1. The process of preparing ungelatinized hydroxyalkyl derivatives of a granule starch material selected from the group consisting of granule starches and granule starch dextrins, comprising forming a slurry by mixing said granule starch material with water, a completely water-miscible alcohol, and an alcohol-soluble alkali, not over one part by weight of water being present per part of acohol, said alcohol being selected from the group consisting of methanol, ethanol, and isopropanol, said alkali being selected from the group consisting of sodium and potassium hydroxide, said slurry consisting of said starch material suspended in a single liquid phase, and reacting said starch material With a starch hydroxyalkylating agent While maintaining said starch material suspended in said single liquid phase to produce a partially etherified product in a substantially ungelatinized, filterable state, said hydroxyalkylating agent being selected from the group consisting of the epoxide and the halohydrin hydroxyalkylating agents. 7
10 2. The process of claim 1 in which said hydroxyalkylating agent is ethylene oxide.
3. The process of claim 1 in which said hydroxyalkylating agent is ethylene chlorohydrin.
References Cited in the file of this patent UNITED STATES PATENTS 2,116,867 Kreimeier et al. May 10, 1938 2,516,634 Kesler et al July 25, 1950 10 2,682,535 Broderick June 29, 1954 UNITED STATES PATENT OFFICE CERTIFICATE OF CORRECTION Patent No, 2,845,417 Jul; 29, 1958 Carl C, Kesler et a1.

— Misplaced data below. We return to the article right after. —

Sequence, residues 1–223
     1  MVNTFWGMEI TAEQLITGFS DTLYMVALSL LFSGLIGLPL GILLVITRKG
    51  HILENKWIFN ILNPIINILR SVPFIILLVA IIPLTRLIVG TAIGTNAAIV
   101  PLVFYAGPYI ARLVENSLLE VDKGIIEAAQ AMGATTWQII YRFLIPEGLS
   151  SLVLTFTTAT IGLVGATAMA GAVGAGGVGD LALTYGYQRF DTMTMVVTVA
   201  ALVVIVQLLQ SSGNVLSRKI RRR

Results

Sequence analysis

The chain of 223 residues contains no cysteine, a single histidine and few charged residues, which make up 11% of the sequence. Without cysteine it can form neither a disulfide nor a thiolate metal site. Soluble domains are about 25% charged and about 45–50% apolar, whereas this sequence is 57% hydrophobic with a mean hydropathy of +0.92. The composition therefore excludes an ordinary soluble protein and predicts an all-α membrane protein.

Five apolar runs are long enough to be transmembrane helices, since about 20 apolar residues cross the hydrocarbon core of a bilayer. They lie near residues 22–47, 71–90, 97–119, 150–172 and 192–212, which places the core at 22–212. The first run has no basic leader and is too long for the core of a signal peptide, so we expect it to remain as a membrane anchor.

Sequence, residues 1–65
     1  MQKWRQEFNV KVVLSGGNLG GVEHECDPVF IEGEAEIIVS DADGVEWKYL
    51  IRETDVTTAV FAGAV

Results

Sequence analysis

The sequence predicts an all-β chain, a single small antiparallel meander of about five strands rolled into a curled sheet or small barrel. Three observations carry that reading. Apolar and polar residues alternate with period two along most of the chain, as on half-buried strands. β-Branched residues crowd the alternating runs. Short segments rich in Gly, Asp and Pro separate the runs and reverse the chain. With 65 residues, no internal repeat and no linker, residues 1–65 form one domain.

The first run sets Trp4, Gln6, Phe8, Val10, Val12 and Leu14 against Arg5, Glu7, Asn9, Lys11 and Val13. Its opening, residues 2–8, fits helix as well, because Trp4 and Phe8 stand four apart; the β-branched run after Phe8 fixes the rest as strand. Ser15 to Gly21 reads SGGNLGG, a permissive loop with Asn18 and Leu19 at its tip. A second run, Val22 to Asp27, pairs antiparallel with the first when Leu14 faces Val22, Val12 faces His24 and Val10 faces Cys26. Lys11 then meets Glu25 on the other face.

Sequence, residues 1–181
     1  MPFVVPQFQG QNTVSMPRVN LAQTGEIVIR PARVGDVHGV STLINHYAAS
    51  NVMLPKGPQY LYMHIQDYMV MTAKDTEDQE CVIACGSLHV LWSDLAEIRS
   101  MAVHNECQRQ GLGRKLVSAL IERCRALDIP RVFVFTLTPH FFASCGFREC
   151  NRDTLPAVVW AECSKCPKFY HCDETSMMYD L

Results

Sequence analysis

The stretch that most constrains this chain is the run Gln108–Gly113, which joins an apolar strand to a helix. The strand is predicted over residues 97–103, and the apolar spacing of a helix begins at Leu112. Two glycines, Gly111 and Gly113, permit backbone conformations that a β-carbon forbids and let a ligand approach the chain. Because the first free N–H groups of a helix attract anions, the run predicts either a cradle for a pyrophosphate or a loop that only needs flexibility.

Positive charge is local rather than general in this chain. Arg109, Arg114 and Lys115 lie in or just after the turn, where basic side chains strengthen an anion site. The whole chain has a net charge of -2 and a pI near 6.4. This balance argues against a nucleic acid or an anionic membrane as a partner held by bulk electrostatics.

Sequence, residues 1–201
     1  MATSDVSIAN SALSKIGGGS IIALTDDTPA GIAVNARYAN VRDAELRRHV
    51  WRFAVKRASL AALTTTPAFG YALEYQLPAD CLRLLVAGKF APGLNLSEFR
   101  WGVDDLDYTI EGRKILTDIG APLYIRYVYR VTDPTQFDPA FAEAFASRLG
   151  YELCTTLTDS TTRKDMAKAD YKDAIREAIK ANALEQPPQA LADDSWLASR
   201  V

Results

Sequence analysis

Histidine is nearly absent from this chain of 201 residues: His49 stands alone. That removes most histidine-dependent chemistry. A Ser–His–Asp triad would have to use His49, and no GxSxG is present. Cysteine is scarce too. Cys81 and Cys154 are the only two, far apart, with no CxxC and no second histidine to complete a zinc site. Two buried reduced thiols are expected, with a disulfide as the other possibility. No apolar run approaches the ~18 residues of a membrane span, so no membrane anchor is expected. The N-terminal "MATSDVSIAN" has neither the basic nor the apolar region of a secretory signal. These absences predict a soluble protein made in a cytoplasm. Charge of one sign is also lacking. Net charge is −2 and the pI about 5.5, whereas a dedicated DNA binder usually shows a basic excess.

It is herebj certified that error appears in the-printed specification of the above numbered patent requiring correction and that the said Letters Patent should read as corrected below.
Column 2, line 12, for "pressure" read presence line 31, for "my" read by line 34, for 'moble" read mobile 0 Signed and sealed this 28th day of October 1958.,
SEAL Attest? KARL AXLINE ROBERT C. WATSON Attesting Oflicer Commissioner of Patents
|Cited Patent||Filing date||Publication date||Applicant||Title|
|US2116867 *||Apr 11, 1934||May 10, 1938||Du Pont||Glue, adhesive, and the like|
|US2516634 *||Aug 13, 1947||Jul 25, 1950||Penick & Ford Ltd Inc||Cold-water swelling starch ethers in original granule form|